Sympathy for the devils
Better than sympathy, now there's hope for the devil -- the Tasmanian devil, that is.
The carnivorous little creature has suffered one of the most precipitous population declines ever documented. In 15 years, the devil -- once just as common in Tasmania as raccoons currently are across North America -- has become an endangered species. The threat to the devil is unprecedented; not loss of habitat, not hunting pressure, but a disease. And not just any disease, but an infectious tumor.
"Devil facial tumor disease has been a devastating, ongoing problem," said Menna Jones professor of zoology at the University of Tasmania in Australia. "We've had no good news since the first we learned of the existence of this disease."
No good news, that is, until now. As the disease has spread to the northwest corner of the island state of Tasmania, it has encountered a new population of devils. And the disease itself has changed. The result, as Jones' recent paper, published online by Conservation Biology, reports, is that the disease has stalled out in the west. Fewer devils are developing tumors and the ones that do are living longer.
The disease kills every devil it infects, and it has spread inexorably, from devil to devil, from the northeast throughout the island of Tasmania. In affected locations, only one of 10 devils remains. There is evidence that the lone remaining devil moved in only after all the others died. Efforts to stop the disease, by removing infectious individuals or by vaccination, have all failed. The last hope has been to isolate healthy devils in reserves as an insurance population, with plans to reintroduce them after the disease has burned itself out.
Researchers consider this to be a very serious "epizootic" -- the animal equivalent of an epidemic. The impact goes beyond the potential extinction of an iconic animal. The Tasmanian devil is a top predator. They keep invasive feral cats and foxes in check. Cats and foxes are largely responsible for the extinction of over 20 species of mammals in mainland Australia. In Tasmania, some of those affected species still exist in the wild, like the Eastern Quoll, the Pademelon, and the Bettong. But without the devils around, the last of these species would likely fall to cats and foxes.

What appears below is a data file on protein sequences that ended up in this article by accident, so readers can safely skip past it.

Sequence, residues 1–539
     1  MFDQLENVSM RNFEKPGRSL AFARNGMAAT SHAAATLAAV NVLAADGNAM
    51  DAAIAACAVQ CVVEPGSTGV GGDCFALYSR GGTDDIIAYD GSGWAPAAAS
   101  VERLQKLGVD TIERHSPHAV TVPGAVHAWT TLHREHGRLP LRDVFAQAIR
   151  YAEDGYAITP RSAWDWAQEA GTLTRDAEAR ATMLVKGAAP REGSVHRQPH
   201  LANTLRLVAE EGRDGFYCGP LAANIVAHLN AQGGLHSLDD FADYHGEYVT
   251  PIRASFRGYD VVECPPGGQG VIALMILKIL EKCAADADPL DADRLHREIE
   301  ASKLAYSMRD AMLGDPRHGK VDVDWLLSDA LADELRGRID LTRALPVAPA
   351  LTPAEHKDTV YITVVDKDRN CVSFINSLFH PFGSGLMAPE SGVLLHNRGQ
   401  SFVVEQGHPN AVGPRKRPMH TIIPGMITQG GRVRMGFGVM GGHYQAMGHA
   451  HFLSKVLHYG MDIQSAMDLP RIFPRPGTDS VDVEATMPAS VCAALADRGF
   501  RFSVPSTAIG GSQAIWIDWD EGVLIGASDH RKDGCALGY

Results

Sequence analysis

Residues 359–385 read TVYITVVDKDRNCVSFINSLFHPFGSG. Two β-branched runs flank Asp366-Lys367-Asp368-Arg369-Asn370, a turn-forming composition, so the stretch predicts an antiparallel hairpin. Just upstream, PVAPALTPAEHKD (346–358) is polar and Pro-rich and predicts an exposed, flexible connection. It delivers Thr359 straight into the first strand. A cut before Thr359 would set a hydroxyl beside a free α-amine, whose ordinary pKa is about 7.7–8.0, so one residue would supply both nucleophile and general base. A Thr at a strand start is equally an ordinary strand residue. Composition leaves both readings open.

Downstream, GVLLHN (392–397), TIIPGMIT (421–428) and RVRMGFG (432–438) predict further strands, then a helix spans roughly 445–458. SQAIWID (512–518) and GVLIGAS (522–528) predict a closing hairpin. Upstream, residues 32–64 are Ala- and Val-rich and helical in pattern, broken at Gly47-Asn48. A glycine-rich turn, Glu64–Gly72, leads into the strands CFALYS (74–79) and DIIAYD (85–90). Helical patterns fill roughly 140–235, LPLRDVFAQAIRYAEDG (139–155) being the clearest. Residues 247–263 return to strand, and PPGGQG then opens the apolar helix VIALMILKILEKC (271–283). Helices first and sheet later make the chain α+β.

This has seemed inevitable, until now.
"The population (in western Tasmania) is declining, but slowly, slower than it did in the east. And the devils are living with the tumor much longer -- it used to be that devils in the east with tumors would die within 3-6 months. In the west some are living with the tumors for 18 months," said Jones.
The disease produces an unusual tumor, which spreads as live cells between devils. When the devils squabble over carrion or as a prelude to mating, they pass the cells along. The devils do not mount an immune response to the tumors, at least in part because the disease and the animal share nearly identical cell marker genes. In the eastern regions, the population of devils had no immunological defense against the tumor, not even when a vaccine was crafted to create one.
When researchers examined devils from the west, they found two significant differences. Two exposed but uninfected devils had produced antibodies to the tumor -- something no devil had ever done before. And they found that the marker genes in the genome of the western devils were not the same.
The tumor had changed, too. The tumors infecting devils in the western area are tetraploid -- meaning they have duplicated chromosomes and four sets of each gene instead of two. These tetraploid tumors grow more slowly than the original tumors.
Whether the explanation for the improved outcomes is that western devils are resistant or the tetraploid quality of the tumor, the results are the first encouraging news the devils have had.
Jones considers these new findings to give them a "management lever." Whether it is the tumor or devil that is different, either one could be used to help squelch the disease as it spreads to other parts of the island. They could translocate resistant devils or even translocate the less virulent tumors to other sites -- a kind of assisted natural selection strategy that has never been tried before.
Jones remains cautiously optimistic, seeing the current findings as a glimmer of hope that the devils aren't doomed to extinction in the wild. Fellow Tasmanian scientist Elizabeth Murchison, who studies the disease affecting the devils as well as transmissible canine venereal tumors at the Wellcome Trust Sanger Institute in the U.K., agrees with Jones.
While Murchison finds the news exciting, she is also a bit cautious. Whether it is the devil that is resisting, or the tumor that is weakening, things can change.
"We shouldn't be too over-the-top hopeful, we shouldn't breath too huge a sigh of relief," said Murchison. "The disease is evolving, and tumors tend to evolve much more quickly than their hosts."